Tour Guide: Greg Baggett · Start Location: Frederick Douglass Circle · 2 Hours · 1.5 Miles
In the rezoning of Frederick Douglass Boulevard in Harlem, growth and diversification—gentrification—was not imposed on an unwitting community by unscrupulous developers or opportunistic outsiders, but rather it was imposed on the community from within, from the community’s grassroots. This walking tour discusses the logic and strategy behind a plan framed within a vision of community "progress,” but it was actually a tool to weaponize competing class interest: how one public land process along a single avenue brought about change that resulted in the displacement of almost all of the area’s long-term residents and small businesses along the streets and even the neighboring avenues. Using calculators on our smartphones, the participants on this tour reckon with the deep ideological problem that prompted Harlem's political establishment, community-based organizations, middle-class, and even low-income shareholders in limited-equity cooperatives to produce outcomes that benefited the few and threatened the many.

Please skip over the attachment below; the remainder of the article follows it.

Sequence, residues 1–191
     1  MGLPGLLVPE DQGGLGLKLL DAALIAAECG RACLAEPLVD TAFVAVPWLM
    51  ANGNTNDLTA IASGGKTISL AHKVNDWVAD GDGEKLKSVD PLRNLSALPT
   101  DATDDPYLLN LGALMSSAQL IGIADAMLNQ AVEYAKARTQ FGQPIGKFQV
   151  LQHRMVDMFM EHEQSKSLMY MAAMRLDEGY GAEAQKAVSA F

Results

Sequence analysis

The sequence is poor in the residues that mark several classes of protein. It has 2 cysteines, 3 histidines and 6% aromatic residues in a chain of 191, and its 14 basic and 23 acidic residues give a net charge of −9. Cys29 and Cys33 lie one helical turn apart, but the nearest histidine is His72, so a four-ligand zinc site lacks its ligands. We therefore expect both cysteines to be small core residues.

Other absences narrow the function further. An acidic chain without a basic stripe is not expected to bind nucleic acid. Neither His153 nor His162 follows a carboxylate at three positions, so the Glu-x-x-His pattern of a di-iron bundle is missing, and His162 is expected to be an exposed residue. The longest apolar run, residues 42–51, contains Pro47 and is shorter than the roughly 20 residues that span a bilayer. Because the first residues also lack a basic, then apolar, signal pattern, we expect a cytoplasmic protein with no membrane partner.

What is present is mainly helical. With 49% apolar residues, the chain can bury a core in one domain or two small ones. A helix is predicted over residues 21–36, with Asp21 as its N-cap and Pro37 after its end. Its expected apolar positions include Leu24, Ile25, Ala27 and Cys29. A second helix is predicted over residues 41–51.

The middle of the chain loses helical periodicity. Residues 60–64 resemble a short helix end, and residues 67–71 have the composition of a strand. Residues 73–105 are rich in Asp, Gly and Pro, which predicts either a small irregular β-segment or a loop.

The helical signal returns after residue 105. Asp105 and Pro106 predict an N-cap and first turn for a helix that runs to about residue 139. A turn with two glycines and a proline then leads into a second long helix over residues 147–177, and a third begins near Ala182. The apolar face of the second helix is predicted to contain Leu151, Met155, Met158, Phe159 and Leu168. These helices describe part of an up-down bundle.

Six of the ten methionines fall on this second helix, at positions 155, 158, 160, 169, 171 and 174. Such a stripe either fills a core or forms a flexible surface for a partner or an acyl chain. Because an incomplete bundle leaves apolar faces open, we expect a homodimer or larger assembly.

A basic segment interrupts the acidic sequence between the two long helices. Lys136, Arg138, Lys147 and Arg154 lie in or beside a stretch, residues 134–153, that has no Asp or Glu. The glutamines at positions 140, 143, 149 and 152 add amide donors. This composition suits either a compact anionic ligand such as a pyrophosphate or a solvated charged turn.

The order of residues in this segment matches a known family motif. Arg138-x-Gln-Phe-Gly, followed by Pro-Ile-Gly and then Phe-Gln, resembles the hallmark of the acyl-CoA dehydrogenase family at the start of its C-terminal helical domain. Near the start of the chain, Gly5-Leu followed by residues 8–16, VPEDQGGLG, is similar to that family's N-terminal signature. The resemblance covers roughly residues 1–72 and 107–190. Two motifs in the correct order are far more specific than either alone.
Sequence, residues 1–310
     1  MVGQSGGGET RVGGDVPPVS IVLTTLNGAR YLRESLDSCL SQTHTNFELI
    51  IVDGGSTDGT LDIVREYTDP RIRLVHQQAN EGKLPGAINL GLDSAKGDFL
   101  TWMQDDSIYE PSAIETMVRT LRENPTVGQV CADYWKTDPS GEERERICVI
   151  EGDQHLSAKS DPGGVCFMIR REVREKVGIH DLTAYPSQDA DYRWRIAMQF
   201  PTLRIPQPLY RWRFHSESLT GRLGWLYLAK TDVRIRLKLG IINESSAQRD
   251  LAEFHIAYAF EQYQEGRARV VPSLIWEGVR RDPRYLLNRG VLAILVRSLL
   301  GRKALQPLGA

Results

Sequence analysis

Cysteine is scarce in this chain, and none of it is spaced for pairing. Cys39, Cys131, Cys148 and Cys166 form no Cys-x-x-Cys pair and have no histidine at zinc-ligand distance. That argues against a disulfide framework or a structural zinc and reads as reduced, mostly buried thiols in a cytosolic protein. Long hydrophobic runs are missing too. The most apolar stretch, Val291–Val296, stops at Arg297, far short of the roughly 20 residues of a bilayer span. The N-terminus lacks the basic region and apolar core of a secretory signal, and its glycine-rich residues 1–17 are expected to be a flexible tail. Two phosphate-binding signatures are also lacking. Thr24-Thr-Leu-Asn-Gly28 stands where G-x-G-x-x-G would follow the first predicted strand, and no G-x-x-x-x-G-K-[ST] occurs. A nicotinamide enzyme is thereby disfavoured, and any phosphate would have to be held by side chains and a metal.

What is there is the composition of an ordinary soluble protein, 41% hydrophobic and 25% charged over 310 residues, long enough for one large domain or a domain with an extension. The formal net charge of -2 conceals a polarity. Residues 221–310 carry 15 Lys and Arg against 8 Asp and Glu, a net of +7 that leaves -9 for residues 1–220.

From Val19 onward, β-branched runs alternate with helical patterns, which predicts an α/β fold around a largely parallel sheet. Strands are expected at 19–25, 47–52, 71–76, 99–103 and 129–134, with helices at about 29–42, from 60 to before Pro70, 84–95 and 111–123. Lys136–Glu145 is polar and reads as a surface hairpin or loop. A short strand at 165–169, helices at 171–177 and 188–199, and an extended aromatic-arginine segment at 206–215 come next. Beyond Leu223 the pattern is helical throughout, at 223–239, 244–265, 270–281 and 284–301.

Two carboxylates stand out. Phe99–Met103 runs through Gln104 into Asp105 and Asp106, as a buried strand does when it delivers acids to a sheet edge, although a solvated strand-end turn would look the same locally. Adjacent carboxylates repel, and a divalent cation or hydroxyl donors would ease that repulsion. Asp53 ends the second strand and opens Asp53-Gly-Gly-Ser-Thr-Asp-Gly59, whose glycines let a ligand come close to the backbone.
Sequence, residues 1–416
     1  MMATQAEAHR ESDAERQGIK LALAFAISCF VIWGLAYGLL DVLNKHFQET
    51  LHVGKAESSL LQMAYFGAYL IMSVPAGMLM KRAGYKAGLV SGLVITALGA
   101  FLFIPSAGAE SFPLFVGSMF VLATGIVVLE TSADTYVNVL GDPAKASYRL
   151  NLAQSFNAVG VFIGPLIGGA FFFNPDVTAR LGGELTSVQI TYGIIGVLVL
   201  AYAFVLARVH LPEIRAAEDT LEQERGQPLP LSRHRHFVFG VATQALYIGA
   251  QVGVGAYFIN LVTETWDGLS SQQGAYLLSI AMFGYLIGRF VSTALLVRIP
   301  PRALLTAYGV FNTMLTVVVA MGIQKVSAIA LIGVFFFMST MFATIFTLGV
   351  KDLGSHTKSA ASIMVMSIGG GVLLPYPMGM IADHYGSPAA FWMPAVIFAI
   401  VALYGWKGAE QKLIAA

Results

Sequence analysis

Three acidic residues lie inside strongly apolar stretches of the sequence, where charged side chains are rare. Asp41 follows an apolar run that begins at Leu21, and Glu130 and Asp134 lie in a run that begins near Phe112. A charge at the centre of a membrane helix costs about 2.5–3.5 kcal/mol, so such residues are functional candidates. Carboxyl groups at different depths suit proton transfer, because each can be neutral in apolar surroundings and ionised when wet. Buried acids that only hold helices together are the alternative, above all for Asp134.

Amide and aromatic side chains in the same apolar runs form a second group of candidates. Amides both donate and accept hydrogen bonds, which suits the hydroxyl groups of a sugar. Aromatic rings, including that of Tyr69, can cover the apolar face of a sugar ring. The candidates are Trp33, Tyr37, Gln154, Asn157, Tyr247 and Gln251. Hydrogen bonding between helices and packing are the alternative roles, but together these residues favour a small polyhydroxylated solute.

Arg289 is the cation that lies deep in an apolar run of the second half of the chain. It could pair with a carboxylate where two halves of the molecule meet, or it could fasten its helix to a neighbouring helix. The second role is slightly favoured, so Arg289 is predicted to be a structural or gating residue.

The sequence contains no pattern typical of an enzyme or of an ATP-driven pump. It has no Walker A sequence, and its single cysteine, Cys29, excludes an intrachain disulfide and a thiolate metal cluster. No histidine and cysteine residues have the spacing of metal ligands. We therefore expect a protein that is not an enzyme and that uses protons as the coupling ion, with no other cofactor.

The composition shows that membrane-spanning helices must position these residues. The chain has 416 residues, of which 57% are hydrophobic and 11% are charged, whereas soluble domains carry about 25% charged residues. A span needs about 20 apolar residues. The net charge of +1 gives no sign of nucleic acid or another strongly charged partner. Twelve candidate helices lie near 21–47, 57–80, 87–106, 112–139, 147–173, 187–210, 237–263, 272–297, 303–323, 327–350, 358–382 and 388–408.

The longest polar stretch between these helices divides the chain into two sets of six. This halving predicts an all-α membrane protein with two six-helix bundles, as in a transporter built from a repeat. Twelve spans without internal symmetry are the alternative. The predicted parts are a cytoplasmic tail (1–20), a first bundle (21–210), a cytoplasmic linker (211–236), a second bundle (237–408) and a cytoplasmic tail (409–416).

Themes Covered: Zoning, Rezoning & Upzoning, Displacement & Dysplacement, Progress, Gentrification, Housing Development Fund Companies (HDFCs), Central Harlem South (SOHA) Controversy, Housing Loopholes: Major Capital Improvements, Individual Apartment Improvements, Preferential Rents, Vacancy Bonus, Vacancy DeControl.
Sites Covered: Frederick Douglass Circle, Adam Clayton Powell Jr. Boulevard, Frederick Douglass Boulevard, West 116th Street, New construction, HDFC Cooperatives, Graham Court, Row Houses, A. Philip Randolph Houses, Wadleigh Secondary High School for the Performing & Visual Arts, Harlem Hebrew Language School, Saint Joseph’s Cathedral, Minton’s (formerly Minton’s) Playhouse, Central Harlem South, First Corinthian Baptist Church, A. Philip Randolph Square, HCCI preservation project, Harriet Tubman Monument